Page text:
Review: The Muggs – Straight Up Boogaloo
Self released (2015)
Reviewer: Dan Mann
One could use the phrase never judge a book by it’s cover, or in this instance, an album by it’s title.
This is the fourth album from the Detroit three-piece, of Danny Muggs (Danny Methric, vocals/guitar), Tony Muggs (Tony DeNardo, keyboards) and Todd Glass (drums). I discovered that some years ago Tony DeNardo suffered a life threatening stroke which left him paralysed and unable to speak. However, after many years of trying, he found he was able to play his bass parts on a Fender Rhodes keyboard.
The album kicks off with ‘Applecart Blues‘ not a ‘traditional blues track by any means but a modern pumping rock song that will have you turning up the volume. ‘Fat City‘ has a sixties groovy feel to it, much more laid back then the opener. ‘Lightning Cries‘ very much slots into a particular blues rock vibe that seems to be rising in popularity and as such is very much to my personal taste.
Next we have the wonderfully titled ‘Spit & Gristle‘ again falling into the gritty blues rock realm. Then a Led Zeppelin style riff fills the air as we launch headfirst into ‘Roger Over And Out A‘ a cracking song which leads you into ‘Roger Over And Out B’ a simple song with acoustic guitar and an atmospheric vocal interspersed with soundtrack type clips.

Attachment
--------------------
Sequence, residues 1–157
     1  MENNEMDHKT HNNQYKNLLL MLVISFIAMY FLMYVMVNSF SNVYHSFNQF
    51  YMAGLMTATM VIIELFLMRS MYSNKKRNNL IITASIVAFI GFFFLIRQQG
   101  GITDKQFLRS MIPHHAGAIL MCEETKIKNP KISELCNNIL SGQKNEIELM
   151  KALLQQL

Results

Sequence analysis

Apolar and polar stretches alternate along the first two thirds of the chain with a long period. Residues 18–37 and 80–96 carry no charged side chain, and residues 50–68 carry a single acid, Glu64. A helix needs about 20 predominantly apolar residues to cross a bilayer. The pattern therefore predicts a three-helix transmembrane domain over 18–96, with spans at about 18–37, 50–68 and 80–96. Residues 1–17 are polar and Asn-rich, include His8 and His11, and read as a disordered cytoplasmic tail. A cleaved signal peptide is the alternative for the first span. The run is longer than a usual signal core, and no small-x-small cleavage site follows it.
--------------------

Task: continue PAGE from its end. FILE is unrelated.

Things are very laid back when it comes to ‘Blues For Mephistopheles‘ a modern blues track which wouldn’t be out of place on say a Rival Sons album.
‘Tomorrow’s Dream‘ follows which is a cover of a Black Sabbath track but with a Rival Sons twist, and it’ll certainly get your foot stompin’
The title track ‘Straight Up Boogaloo‘ starts with a great radio promo voice over before you get exactly what it says in the title, boogaloo rock n’ roll! Elvis influences are very evident and you envisage a classic trio with one on the double bass pounding the strings.
‘Rattlesnake Shake‘ is southern blues rock, written of course by Peter Green, with all the right ingredients, stretching out to just under twelve minutes of superb music.
How do you follow that? Simple, with a Lennon/McCartney song, namely ‘Yer Blues‘ and what a great version too. The final track ‘Theotis Toddlinski Outtakes‘ is not a song but voice over outtakes delivered in a deep ‘voice over guy’ style!
To sum up, I absolutely love this album and wouldn’t hesitate in recommending it to you the music lover.